Popocatepetl from the Space Station

Popocatepetl from the Space Station
  • Credit:

    The image ISS01-ESC-5316 is provided and archived by the Earth Sciences and Image Analysis Laboratory, Johnson Space Center. Additional images taken by astronauts can be viewed at NASA-JSC’s Gateway to Astronaut Photography of Earth at http://eol.jsc.nasa.gov/

Popocatépetl, or Popo, the active volcano located about 70 km southeast of Mexico City, sends a plume south on January 23, 2001. The astronaut crew on the International Space Station Alpha observed and recorded this image as they orbited to the northeast of the volcano. Popo has been frequently active for six years. On this day, the eruption plume reportedly rose to more than 9 km above sea level [for reference, Popo’s summit elevation is 5426 m (17,800 feet)]. Note the smaller ash plume below the main plume (arrow). The perspective from the ISS allowed the astronauts this unique 3 dimensional view.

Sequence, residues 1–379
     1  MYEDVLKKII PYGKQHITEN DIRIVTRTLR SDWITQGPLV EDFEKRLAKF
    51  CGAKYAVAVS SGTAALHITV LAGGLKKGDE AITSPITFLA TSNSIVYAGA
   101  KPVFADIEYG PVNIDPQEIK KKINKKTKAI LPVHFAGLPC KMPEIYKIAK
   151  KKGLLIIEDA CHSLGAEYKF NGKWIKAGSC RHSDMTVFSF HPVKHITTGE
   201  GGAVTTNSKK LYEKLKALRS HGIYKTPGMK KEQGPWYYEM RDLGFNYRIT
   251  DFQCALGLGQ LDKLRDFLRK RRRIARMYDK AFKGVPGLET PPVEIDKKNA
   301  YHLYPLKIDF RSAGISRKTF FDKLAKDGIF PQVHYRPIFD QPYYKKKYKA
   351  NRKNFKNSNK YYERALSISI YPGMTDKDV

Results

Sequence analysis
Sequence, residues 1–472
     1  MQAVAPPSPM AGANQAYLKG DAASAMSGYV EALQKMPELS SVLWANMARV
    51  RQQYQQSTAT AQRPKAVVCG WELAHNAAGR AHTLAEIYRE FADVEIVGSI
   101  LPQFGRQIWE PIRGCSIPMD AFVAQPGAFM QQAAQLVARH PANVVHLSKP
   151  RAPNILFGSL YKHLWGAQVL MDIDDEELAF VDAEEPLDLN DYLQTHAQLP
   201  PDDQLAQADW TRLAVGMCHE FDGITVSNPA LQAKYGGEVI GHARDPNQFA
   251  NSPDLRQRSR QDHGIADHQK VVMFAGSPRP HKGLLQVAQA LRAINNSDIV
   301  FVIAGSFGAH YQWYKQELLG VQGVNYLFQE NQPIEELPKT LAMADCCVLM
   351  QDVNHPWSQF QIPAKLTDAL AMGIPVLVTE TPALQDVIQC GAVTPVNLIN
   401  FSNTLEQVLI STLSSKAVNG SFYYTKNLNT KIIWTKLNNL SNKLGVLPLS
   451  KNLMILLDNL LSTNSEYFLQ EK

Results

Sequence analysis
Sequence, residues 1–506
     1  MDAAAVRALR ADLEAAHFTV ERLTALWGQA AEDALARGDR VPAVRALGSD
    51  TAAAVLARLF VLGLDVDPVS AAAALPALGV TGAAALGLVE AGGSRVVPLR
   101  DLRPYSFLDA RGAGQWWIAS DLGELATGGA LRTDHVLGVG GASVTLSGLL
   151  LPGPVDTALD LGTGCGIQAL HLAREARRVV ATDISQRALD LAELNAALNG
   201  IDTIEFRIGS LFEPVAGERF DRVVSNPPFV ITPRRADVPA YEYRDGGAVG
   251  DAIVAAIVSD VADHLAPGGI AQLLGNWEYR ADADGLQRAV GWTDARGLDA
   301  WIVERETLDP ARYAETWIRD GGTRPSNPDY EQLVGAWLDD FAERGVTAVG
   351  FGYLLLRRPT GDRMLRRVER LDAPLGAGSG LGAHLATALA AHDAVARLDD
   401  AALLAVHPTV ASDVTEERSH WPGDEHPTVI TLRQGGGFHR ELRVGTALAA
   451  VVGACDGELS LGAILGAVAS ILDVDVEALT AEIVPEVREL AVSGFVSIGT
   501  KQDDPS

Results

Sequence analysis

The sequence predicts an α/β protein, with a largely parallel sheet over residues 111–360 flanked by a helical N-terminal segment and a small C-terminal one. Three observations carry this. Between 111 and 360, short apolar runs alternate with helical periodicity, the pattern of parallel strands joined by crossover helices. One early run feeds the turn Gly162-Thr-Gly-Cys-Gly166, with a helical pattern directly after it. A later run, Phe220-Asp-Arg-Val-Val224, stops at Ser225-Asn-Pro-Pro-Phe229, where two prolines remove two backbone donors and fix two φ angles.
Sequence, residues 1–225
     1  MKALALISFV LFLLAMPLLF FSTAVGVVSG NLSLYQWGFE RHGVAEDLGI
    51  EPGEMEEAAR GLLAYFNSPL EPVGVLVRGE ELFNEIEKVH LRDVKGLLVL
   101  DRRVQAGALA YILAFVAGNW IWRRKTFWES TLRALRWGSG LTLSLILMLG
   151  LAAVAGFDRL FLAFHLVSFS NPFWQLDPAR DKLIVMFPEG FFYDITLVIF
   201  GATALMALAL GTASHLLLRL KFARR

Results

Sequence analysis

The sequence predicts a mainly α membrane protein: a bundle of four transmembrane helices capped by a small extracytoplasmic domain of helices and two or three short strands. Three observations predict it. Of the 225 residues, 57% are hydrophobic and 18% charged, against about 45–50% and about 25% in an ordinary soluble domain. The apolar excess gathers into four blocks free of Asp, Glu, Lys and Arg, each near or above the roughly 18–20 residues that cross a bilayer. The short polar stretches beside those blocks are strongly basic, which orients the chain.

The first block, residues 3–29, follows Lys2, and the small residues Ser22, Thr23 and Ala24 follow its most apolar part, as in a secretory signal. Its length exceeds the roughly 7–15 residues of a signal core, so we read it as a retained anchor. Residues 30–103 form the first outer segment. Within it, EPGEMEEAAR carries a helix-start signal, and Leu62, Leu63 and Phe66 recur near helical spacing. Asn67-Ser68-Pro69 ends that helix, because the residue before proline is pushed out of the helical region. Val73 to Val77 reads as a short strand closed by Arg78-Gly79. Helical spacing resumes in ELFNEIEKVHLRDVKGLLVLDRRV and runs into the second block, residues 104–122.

Popo is situated between two large population centers: Mexico City (more than 18 million people, and just off the image to the right) and Puebla (about 1.2 million people). The region’s dense population provides the potential for extreme impacts from volcanic hazards. Recent eruptions have been frequent, and have resulted in evacuations around the mountain.

Images & Animations

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Metadata

  • Data Date:

    January 23, 2001
  • Visualization Date:

    February 18, 2001
  • Sensor(s):

    ISS - Digital Camera
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